When reintroduced, the Sand Village siblings ended up with simpler attire. Gaara in particular had a more streamlined look with an outfit that might have seemed familiar to movie fans. Uzumaki: The Art of Naruto revealed that Kishimoto took inspiration for Gaara’s new look from The Matrix, giving him an upright collar, not unlike their trench coats.
Killer B Was A Wrestler
Writers find inspiration in some very unlikely places. While some of Kishimoto’s characters, like the Legendary Sannin, were inspired by Japanese folk tales, others were inspired by modern pop culture.
During a 2012 interview, the manga master revealed that Killer B was the result of a former editor being a fan of wrestling. Later chapters of the manga introduced Killer B as one of the jinchuriki (those with a tailed beast inside them). Kishimoto challenged himself to make Killer B’s ninja moves actually pro-wrestling moves. He also had the character love to rap, even though he was really bad at it. It certainly created a memorable ally for Naruto.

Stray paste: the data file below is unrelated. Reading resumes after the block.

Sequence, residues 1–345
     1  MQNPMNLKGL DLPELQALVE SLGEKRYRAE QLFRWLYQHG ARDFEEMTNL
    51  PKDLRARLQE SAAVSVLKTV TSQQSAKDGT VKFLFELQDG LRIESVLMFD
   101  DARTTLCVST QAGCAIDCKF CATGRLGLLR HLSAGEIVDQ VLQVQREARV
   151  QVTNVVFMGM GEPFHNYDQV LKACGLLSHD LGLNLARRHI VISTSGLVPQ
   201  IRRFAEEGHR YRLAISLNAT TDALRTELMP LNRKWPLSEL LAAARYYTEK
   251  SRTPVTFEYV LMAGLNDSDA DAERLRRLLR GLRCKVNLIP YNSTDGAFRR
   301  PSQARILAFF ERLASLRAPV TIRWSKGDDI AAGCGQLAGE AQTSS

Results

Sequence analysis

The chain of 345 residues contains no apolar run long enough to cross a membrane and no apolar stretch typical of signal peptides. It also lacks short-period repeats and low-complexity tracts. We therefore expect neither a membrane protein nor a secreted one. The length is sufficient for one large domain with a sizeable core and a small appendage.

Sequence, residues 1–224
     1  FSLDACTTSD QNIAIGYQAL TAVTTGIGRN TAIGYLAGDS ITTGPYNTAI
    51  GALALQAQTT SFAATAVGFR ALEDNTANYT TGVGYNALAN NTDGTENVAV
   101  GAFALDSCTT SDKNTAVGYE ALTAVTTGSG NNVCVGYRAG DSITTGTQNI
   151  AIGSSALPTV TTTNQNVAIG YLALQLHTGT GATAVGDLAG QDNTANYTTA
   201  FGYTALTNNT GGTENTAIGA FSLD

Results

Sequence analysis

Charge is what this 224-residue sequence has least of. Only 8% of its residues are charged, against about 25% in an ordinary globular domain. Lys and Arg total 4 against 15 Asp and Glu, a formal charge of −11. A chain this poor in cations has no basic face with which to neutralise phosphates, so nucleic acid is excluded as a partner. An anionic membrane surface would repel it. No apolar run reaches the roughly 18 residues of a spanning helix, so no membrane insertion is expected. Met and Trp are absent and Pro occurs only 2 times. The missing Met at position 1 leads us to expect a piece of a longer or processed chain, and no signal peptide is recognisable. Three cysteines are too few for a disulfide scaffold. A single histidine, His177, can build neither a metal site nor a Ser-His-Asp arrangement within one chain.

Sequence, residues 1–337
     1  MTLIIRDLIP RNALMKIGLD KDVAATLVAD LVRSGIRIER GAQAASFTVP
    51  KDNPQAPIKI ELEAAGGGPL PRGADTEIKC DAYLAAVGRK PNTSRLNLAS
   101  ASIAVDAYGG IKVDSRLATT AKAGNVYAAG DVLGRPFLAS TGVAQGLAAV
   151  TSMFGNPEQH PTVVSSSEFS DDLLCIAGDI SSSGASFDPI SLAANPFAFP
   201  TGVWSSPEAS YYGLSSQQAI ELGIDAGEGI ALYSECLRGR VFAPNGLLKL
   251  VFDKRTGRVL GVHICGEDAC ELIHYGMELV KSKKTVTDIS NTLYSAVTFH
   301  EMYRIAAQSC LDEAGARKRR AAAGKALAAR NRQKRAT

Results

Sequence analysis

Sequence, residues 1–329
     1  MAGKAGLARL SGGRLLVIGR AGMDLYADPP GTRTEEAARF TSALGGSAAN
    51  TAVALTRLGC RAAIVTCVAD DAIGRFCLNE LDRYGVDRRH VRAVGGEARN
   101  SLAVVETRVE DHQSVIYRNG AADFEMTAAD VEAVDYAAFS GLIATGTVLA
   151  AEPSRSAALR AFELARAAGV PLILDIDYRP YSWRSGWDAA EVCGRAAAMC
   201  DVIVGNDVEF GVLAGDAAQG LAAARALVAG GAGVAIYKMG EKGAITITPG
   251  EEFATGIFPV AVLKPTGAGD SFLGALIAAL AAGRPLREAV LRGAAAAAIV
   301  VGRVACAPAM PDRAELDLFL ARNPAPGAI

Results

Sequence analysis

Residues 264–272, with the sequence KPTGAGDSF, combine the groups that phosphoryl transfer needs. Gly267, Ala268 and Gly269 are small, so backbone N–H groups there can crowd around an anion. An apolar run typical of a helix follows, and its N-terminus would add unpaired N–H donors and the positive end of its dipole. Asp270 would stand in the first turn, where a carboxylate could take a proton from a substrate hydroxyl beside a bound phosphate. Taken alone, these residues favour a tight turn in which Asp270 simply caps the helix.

Naruto’s Voice Actress Called The Character An Obnoxious Brat
If some fans of the franchise found the title character a bit of a brat in his early days while he yelled for Sasuke and ignored orders, they’re not alone – Junko Takeuchi did as well.
Takeuchi was cast as the Japanese voice actor for Naruto. She’s well known as a singer and an actress in Japan. When she first got the role of Naruto, she thought of him as a “loud-mouthed, obnoxious brat,” according to a 2011 interview. Like many fans though, the actress believes that he evolved over time. As the man he grew into matured, Takeuchi termed him “very reliable” instead.